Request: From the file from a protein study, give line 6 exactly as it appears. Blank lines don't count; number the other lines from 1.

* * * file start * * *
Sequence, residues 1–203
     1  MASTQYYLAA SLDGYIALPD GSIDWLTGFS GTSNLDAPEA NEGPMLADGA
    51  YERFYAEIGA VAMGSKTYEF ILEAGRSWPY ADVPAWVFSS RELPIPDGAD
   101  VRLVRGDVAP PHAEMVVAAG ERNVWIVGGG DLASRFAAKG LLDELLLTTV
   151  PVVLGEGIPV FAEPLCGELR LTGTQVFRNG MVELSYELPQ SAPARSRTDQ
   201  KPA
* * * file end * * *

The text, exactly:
   201  KPA